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Seminars

Showing 1-10 of 38

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presented by: Zhijian Luan

Monday, Feb. 20th, 2017
11:00AM-12:00PM

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A pilot study of ePHR implementation impact on physician workflow

Published on 02/16/2017

The ePHR (electronic Personal Health Record) is a self-service technology (SST) used in health care, which can serve as an electronic information source for patients, physician and the government. Based on the literature review, we found that there are some concerns and barriers during the ePHR implement in industry perspectives, physicians’ perspective, patients’ perspectives and technology perspectives. In the pilot study of ePHR implementation impact on physician workflow, we conduct a qualitative analysis using structured physician interviews, and a quantitative analysis for physician workflow observations. We try to create recommendations for ePHR implementation for a variety of physician practices, at the same time, discussed some other important ePHR implementation components: communication, training and measurement.

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presented by: Sidharth Sen

Monday, Feb. 13th, 2017
11:00AM-12:00PM

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Decoding the auxin code: uncovering new players in the auxin pathway through WGCNA analysis

Published on 02/10/2017

Auxins are a class of phytohormones in plants which have an active role in growth and development. The Auxin hormone control pathway in maize meristem is not well studied and has significant scope for in-depth exploration. Previous studies have not shown much novel information about how Auxin is regulated. Weighted Gene co-expression analysis takes results from differentially expressed genes and organizes them into clusters and modules showing possible interactions and co-regulation. These clusters usually highlight unique interactions which cannot be seen by most other methods. We present our ongoing work in building gene co-regulatory networks using certain gene knockouts in the maize meristem Auxin network.

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presented by: Pericles Giannaris

Monday, Feb. 6th, 2017
11:00AM-12:00PM

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RDF-Based Method to Uncover Implicit Health Communication Episodes from Unstructured Health Data

Published on 02/03/2017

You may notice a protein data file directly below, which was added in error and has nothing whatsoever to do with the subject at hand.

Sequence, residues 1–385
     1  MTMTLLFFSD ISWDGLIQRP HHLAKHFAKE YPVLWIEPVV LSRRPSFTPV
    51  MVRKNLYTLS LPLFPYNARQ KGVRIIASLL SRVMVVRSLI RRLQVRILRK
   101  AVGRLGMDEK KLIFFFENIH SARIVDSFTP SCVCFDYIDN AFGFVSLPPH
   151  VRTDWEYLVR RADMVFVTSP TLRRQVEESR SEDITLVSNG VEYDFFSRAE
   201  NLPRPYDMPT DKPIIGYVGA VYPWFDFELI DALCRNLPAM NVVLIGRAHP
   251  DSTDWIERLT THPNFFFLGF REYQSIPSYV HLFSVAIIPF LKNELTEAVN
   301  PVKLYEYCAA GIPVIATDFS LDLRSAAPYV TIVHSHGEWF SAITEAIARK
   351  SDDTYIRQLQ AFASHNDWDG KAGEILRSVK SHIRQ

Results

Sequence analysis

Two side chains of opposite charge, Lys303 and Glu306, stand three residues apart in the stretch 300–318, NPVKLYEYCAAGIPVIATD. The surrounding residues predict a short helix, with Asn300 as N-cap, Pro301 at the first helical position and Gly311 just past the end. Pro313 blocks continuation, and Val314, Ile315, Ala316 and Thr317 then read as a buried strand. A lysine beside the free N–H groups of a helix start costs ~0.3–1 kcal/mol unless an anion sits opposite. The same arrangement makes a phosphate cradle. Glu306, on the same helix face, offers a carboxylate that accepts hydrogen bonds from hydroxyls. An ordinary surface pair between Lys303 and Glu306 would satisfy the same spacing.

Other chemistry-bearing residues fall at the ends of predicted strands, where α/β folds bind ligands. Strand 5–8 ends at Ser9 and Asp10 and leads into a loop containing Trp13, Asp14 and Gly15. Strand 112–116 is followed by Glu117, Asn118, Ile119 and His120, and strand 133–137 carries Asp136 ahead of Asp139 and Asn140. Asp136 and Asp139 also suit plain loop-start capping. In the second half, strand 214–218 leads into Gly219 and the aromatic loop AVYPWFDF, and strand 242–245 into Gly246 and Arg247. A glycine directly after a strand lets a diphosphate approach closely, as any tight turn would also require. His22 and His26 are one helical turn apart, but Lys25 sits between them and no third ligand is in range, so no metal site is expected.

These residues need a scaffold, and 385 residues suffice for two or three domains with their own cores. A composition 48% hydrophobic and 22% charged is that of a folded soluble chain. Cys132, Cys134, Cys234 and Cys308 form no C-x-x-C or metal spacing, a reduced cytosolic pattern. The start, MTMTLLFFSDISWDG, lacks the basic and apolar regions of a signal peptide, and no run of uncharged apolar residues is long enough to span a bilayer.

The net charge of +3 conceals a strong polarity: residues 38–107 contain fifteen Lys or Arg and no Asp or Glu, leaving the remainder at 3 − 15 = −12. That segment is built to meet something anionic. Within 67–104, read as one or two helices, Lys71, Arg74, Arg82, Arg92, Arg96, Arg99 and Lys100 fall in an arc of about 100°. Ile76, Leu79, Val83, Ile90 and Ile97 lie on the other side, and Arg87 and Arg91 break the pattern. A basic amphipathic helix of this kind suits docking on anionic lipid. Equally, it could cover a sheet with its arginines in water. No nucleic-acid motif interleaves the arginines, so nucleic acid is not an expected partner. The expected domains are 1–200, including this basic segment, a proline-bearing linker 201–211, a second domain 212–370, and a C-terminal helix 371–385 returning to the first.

Health communication is the process that coordinates health services such as specimen transaction, oral interactions, medical records, and more. Healthcare workflows are based on communication established historically through the practice of healthcare or by the leadership in health institutions. However, during healthcare practices communication doesn’t flow according to plan; interpersonal miscommunication, technical glitches, information overload, etc. risk inefficient healthcare services. We hypothesize that health records contain information related to communication and we can retrieve it in order to address issues of communication. We present an informatics pipeline to retrieve health communication episodes from unstructured health data. The method uses Resource Description Framework (RDF), ontological modeling, and description logic inference to uncover and quantify implicit communication episodes. Retrieved communication has the potential to optimize and improve health communication structures especially, in data-intensive to precision medicine settings.

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presented by: Saad Khan

Monday, Jan. 30th, 2017
11:00AM-12:00PM

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Comparison of histone patterns in orthologus regions between mouse and human tissues

Published on 01/24/2017

With the advent of next-generation sequencing technologies, a considerable effort has been put into sequencing the epigenome of different species. The efforts such as “Encode” and “Roadmap” epigenomics projects provide an opportunity to compare epigenomes across species (especially between human and mouse). This study is an effort to understand how different histone modifications vary/co-appear between orthologus regions of the two species. In this work, we have also used various measures of orthologus similarity between each pair of orthologus genes and explore how histone modifications are conserved with respect to changes in these similarity measures. These measures of similarity include “gene ontology semantic similarity” (GOSemsim), “codon usage frequency similarity” (CUFS), Ka/Ks ratio and gene expression similarity. Our simulations indicate that evolutionary selection pressure of an orthologus pair (Ka/Ks ratio) is more strongly correlated with its histone modification than any other similarity measure.